[TUHS] Happy birthday, Dennis Ritchie! [ really sun vs dec/apollo --> X and NeWS ]

Steffen Nurpmeso steffen at sdaoden.eu
Tue Sep 19 23:53:59 AEST 2017


Larry McVoy <lm at mcvoy.com> wrote:
 |On Mon, Sep 18, 2017 at 08:52:08PM -0400, Random832 wrote:
 |> On Thu, Sep 14, 2017, at 15:37, Steve Johnson wrote:
 |>> I wrote a paper on error messages at one point.?? I had examples from
 |>> bad to best.?? In a nutshell (worst to best):
 |>> 
 |>>  * <program aborts, leaving the world in an unknown state>
 |>>  * "internal error",?? "beta table overflow", "operation failed"
 |>>  * "Writing the output file failed"
 |>>  * "File xxx could not be opened for writing."
 |>>  * "File xxx could not be opened for writing: check the file location
 |>> and permissions"
 |>> 
 |>>  * "Writing the output file xxx caused an error.?? See <link> for
 |>> possible reasons and corrections" 
 |>> 
 |>> Most git messages fall between 2 and 3.?? But there are occasional 4's
 |>> and 5's.
 |> 
 |> Just out of curiosity, where does perror(filename), quite possibly the
 |> *most* common error message on Unix as a whole, fall on your scale? It
 |> says which of the file location or permissions (or whatever else) it is,
 |> but not whether it was attempting to open it for reading or writing.
 |
 |So in the BitKeeper source, perror is redifined to my_perror which is
 |this:
 |
 |void    
 |my_perror(char *file, int line, char *msg)
 |{
 |        char    *p = 0;
 |        int     save = errno;
 |
 |        if (p = getenv("_BK_VERSION")) {
 |                if (strneq(p, "bk-", 3)) p += 3;
 |                fprintf(stderr, "%s:%d (%s): ", file, line, p);
 |} else {
 |                fprintf(stderr, "%s:%d: ", file, line);
 |}
 |        if (p = strerror(errno)) {
 |                fprintf(stderr, "%s: %s\n", msg, p);
 |} else {
 |                fprintf(stderr, "%s: errno=%d\n", msg, errno);
 |}
 |        errno = save;   
 |}
 |
 |libc should do that.

That really made me wonder why "save" is not used, errno may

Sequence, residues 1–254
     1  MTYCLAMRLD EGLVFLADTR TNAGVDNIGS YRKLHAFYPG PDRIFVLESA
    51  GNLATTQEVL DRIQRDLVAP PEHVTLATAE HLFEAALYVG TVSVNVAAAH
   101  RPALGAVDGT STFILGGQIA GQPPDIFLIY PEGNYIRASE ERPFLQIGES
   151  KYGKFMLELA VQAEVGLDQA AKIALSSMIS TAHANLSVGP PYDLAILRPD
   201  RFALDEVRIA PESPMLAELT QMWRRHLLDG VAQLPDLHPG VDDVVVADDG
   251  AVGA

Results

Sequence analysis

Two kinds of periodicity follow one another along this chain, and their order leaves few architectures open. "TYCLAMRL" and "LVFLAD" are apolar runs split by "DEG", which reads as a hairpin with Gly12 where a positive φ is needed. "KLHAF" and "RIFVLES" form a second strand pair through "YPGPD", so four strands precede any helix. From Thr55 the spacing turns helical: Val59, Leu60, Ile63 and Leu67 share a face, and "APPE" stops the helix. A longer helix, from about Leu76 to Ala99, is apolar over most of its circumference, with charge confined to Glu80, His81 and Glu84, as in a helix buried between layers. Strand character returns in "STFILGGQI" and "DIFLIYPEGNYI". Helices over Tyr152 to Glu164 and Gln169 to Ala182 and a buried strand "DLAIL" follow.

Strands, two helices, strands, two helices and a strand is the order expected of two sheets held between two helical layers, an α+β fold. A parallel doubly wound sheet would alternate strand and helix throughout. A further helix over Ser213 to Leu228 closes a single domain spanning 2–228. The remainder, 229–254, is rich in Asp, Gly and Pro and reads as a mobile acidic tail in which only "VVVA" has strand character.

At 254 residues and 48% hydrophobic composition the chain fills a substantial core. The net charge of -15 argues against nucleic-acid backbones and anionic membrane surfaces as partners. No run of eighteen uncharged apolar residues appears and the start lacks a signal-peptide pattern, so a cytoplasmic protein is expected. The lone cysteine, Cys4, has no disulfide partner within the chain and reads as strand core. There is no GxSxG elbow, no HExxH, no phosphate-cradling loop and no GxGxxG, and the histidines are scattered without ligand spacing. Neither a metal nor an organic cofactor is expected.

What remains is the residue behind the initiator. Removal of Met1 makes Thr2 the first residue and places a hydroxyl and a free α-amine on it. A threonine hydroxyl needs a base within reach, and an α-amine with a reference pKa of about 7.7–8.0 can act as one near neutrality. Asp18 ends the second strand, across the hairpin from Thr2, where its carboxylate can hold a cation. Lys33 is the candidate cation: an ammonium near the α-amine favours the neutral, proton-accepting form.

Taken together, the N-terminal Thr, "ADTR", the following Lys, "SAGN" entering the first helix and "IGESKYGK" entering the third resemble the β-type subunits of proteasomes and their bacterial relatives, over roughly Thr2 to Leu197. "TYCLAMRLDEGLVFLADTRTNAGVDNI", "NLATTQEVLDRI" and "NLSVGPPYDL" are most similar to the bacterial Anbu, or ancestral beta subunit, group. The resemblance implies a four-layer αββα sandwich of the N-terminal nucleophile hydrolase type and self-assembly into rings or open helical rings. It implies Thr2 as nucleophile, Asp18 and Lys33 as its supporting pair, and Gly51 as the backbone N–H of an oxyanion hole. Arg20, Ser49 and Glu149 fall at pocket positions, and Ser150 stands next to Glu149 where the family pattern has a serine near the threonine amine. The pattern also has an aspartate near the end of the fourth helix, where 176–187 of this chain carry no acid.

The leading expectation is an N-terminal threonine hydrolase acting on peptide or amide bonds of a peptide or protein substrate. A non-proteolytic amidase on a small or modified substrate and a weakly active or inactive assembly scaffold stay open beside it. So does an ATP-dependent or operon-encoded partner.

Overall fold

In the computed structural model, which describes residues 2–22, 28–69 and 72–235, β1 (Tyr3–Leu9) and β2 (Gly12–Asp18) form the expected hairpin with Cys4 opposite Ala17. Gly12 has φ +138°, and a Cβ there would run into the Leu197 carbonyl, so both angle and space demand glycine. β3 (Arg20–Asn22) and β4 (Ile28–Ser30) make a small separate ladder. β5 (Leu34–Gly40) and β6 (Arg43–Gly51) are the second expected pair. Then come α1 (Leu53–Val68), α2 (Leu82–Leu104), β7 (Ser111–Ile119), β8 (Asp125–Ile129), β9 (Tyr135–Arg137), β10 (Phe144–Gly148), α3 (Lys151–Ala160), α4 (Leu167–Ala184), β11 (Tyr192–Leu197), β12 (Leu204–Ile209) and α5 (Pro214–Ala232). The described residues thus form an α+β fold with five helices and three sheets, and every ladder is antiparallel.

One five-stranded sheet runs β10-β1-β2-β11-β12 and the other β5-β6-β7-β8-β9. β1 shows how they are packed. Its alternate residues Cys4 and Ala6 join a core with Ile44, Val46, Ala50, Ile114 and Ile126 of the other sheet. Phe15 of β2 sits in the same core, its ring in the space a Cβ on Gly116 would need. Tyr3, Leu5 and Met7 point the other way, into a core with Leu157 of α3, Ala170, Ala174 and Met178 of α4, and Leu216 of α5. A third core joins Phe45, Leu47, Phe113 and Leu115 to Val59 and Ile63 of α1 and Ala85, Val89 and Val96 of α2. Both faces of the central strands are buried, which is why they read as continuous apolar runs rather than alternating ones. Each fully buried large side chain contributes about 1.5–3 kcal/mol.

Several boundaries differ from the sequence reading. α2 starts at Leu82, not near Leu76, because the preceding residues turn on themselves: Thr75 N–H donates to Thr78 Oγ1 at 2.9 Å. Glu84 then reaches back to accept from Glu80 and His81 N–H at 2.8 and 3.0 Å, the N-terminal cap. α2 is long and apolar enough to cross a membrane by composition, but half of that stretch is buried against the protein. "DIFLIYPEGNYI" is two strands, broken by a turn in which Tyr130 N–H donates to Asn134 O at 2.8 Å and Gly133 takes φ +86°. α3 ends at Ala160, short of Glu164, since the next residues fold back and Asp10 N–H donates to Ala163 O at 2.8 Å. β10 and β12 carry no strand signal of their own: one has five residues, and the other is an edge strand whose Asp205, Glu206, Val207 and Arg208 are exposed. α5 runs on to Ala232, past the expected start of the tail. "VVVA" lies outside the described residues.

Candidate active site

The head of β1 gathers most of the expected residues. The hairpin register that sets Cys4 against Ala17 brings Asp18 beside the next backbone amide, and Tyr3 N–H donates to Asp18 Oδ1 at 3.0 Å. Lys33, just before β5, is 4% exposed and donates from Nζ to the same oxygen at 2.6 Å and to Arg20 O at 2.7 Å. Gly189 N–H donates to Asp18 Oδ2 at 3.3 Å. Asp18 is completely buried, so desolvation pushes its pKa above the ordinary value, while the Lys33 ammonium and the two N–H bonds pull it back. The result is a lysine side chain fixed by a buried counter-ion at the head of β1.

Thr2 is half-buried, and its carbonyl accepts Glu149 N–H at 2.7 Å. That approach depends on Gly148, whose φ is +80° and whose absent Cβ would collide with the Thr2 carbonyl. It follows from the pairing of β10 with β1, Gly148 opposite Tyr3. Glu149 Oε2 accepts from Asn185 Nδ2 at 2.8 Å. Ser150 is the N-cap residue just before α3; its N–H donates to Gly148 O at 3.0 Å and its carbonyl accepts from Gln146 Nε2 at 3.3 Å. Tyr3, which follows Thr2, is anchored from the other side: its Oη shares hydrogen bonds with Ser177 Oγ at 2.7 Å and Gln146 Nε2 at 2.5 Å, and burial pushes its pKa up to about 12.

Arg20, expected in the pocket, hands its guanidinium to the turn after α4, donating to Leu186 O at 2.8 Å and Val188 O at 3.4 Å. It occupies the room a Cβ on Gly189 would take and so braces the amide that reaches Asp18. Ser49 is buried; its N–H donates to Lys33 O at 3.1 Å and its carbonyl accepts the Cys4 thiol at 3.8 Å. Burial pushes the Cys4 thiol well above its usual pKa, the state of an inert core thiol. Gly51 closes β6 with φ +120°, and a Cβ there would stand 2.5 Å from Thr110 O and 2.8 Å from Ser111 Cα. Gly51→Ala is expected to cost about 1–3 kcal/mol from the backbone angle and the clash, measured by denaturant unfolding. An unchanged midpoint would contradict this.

eventually change along the way.  Ok ok, but.. well.
I have had a Txt::FormatEncoder which was the sole implementation
of a format codec (plus FormatDecoder), which supported %m

  * "%m"
  * Print the description of the \SF Errno which was active at setup() time,
  * if it's value has an assigned description
  * (otherwise a message is printed which says that this value is unknown).
  * This always prints the original english string \ldots

mostly for debugging and developers thus, but why not, except for
inter-dependencies, thus optional at least, support of
a # modifier could have been added.
The encoder could be used for finite (CP::) as well as resizable
buffers (CString, ([Sys::]IO::TextWriter, etc.) as in

  static void _MyAddVFmt(
          CString                 &_str,
          const char              *_fmt,
          void                    *_valist)
  {
          ui32                    grow, olen;
          auto Txt::FormatEncoder fe;
          // use special case+update() for better code flow
          (void)fe.setup(NIL, 0, _fmt, _valist);
          for(grow=80-1;  ;  ) {
                  olen = _str.length();
                  (void)fe.update(_str.reserve(grow).data()+olen, grow)
                          .call();
                  // resize insufficient? nothing changed!
                  if(fe.isInsufficient()) {
                          (void)_str.truncate(olen);